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Victorian Health Minister announces new end-of-life framework

Honourable Jill Hennessy MP, Victorian Health Minister, speaking at the opening ceremony of the 13th Australian Palliative Care Conference,

Victorian Minister for Health Jill Hennessy today encouraged clinicians, community members, patients and carers to help shape the future of palliative care in Victoria.

“I am delighted to announce today that the Victorian Government will be commencing an extensive consultation to develop a new end of life framework,” she told delegates at the 13th Australian Palliative Care Conference in Melbourne.

She said Victoria’s palliative care framework concludes at the end of this year, which “provides us with the chance to think differently and innovatively about what we can do to ensure Victorians have access to good end of life care”.

“I encourage you all to think about what is it that needs to be done. What are the sorts of things that need to be in end of life care frameworks? How can we make sure the system works for those we are trying to support – the patient? And how can we raise community awareness so that it’s not something we talk about later?

“We need to ensure your insights, learning and aspirations about what patients want, are reflected in a new model of care for end of life care.”

“A framework should be something as policy makers we continually look to, to enhance and improve and make responsive to the patients we serve.”

She said over the past 10 years the Victorian Government had focussed on building a specialist palliative care workforce but “there is more to do”. The state’s health system was behind in ensuring people had appropriate palliative care options, so they could genuinely make choices. It was also important to broaden responsibility for achieving good end of life care right across the health system.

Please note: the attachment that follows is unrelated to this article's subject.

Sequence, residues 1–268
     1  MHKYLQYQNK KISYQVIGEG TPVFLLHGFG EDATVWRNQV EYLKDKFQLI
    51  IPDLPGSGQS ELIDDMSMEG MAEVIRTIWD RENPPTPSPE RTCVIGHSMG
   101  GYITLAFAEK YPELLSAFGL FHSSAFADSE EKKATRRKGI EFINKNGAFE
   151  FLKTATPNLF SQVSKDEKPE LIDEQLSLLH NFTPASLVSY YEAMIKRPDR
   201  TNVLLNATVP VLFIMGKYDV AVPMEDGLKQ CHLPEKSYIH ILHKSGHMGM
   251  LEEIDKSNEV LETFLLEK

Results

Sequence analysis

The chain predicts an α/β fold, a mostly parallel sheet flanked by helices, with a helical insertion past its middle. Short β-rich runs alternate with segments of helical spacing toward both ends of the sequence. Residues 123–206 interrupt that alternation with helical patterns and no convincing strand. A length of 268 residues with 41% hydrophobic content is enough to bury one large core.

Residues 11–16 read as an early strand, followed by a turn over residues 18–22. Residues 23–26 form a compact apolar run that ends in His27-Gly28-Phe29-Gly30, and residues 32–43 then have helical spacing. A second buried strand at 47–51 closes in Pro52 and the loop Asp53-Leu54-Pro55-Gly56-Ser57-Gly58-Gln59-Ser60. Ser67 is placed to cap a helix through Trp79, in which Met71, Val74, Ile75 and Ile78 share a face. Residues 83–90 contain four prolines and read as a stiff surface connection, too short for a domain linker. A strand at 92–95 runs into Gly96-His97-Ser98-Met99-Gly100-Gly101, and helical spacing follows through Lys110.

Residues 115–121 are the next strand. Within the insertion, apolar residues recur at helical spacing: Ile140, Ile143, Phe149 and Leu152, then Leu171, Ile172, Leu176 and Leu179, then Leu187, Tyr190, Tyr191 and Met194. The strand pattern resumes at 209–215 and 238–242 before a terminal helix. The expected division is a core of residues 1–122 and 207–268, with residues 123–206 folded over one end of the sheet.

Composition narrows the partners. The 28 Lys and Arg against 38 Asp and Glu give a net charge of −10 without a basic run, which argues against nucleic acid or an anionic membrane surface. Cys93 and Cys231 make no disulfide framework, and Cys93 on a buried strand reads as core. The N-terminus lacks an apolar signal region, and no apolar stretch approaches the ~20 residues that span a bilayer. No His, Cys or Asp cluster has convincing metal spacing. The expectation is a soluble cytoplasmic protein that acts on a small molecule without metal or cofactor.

“The decision of what this care is and where this care takes place should be up to the individual. We need to move away from it being dictated by the system and not the individual.”

Ms Hennessy said the Victorian Government was also committed to overcoming legal issues that were undermining the effectiveness of advance care directives. While patients could use directives to specify treatment they found acceptable, the law recognised this only for existing medical conditions, rather than future illnesses.

“We want to improve that, which is why a new end of life framework is so important.

“We see shifts in science, technology and service capability, but often we don’t refresh our policy settings. A framework should be something as policy makers we continually look to, to enhance and improve and make responsive to the patients we serve.”

In addressing Australia’s largest meeting of palliative care professionals, Ms Hennessy acknowledged the contributions made by people working in palliative care.

“I want to commend you for the fantastic work that you do. I can’t think of a more important arc of the health sector than dealing with how we die and how we support those who are caring for those with a life limiting illness.

“I want to thank you for turning up every day, not bringing just your clinical expertise and emotional intelligence, but compassion to the work you do. There is no price that can be put on that,” she said.


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